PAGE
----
1.5" is overkill for 400 gph. To give you the scale of how overkill it is, I have a Herbie drain on a system that's pushing about 3,000 gph, and it's 1.5". And the valve is maybe 30% shut!
On a full siphon, you don't really want that much overkill - it means you'll be running with the adjustment valve almost all the way closed, which can make the system difficult to manage. If I wanted a Herbie that can handle 400 gph, I'd probably drill for 1" bulkheads but use bushings to bring the actual plumbing down to 3/4".
Return sizing really depends on the pump you choose. At 400gph, you don't have to go crazy, unless you've bought a way-undersized pump. I'd be totally happy with 3/4" return plumbing for that kind of flow in most cases, or even smaller.
I also want to know if an internal overflow box is necessary. It doesn't seem to serve a purpose to me. Would someone please educate me on this?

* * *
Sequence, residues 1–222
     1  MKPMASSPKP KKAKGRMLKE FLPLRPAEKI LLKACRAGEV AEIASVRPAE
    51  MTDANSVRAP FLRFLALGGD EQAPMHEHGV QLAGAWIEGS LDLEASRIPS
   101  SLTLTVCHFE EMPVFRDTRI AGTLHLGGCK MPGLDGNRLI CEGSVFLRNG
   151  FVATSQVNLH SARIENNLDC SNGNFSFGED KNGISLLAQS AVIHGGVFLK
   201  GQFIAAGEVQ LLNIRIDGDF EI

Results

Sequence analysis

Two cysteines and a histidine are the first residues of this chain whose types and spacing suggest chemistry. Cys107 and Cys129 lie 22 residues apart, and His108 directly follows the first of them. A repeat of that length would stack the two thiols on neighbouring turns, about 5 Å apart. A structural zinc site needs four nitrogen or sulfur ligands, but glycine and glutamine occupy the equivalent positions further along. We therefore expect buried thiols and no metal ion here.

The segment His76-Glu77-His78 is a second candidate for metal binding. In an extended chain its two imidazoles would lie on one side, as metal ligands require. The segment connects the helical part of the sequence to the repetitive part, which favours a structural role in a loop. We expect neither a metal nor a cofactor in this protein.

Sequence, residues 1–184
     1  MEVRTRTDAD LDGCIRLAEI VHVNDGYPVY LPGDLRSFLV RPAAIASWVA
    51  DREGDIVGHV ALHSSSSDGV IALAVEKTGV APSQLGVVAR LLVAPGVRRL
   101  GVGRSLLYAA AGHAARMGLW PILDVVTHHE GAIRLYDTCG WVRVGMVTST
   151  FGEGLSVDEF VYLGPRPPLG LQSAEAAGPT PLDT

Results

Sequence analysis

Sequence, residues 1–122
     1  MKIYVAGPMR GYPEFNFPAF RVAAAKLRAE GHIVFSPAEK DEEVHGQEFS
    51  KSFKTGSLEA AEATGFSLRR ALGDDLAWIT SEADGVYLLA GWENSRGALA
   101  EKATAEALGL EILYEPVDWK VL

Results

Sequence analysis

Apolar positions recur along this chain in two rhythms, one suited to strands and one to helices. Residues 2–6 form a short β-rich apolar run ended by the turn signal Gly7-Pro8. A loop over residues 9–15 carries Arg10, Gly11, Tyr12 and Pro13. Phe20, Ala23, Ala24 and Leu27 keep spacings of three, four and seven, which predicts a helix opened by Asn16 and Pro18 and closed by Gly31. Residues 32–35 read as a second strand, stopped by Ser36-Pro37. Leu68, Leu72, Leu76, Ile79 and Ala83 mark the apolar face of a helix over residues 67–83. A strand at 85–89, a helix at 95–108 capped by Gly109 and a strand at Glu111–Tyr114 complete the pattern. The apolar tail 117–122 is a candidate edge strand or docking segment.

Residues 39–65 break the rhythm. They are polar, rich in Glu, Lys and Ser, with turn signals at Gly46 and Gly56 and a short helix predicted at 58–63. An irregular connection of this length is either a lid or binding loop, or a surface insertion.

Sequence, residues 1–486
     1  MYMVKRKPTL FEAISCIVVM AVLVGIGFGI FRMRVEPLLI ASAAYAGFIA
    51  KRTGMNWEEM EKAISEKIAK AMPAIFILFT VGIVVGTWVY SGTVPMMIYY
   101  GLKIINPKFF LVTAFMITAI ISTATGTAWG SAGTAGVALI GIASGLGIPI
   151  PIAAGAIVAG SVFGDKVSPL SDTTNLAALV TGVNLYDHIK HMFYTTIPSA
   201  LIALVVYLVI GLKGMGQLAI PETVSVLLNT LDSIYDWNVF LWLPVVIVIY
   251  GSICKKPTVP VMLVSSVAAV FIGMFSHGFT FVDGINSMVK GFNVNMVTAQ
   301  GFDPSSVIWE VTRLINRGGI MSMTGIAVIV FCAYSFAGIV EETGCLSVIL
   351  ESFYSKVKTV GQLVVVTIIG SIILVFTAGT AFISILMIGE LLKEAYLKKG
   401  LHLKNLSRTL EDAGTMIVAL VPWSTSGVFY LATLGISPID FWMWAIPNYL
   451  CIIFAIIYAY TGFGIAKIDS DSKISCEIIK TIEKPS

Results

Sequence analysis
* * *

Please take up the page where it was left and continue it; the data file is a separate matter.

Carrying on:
Sorry, in what context? If you drill the bottom or side of the tank, you would typically then build an "internal" box around the holes and put the standpipes in it. In that arrangement, an internal box is definitely part of the design. If you're talking about a hang-on overflow, then the internal box is what sets the water level at a point higher than the entrance to the siphon tubes, so it needs to be there (to keep them from sucking air and breaking siphon).
If you're talking about drilling the back or side and then building an external box around the holes on the outside of the tank, and then drilling THAT box to put the standpipes in it, you still (probably) need an internal box to set the water height relative to the holes.
The only situation I can think of where you would not need an internal box would be if you notched the side or back panel of the aquarium and built an external box, at which point the water level in the tank is set by the notch - and you don't need the internal box.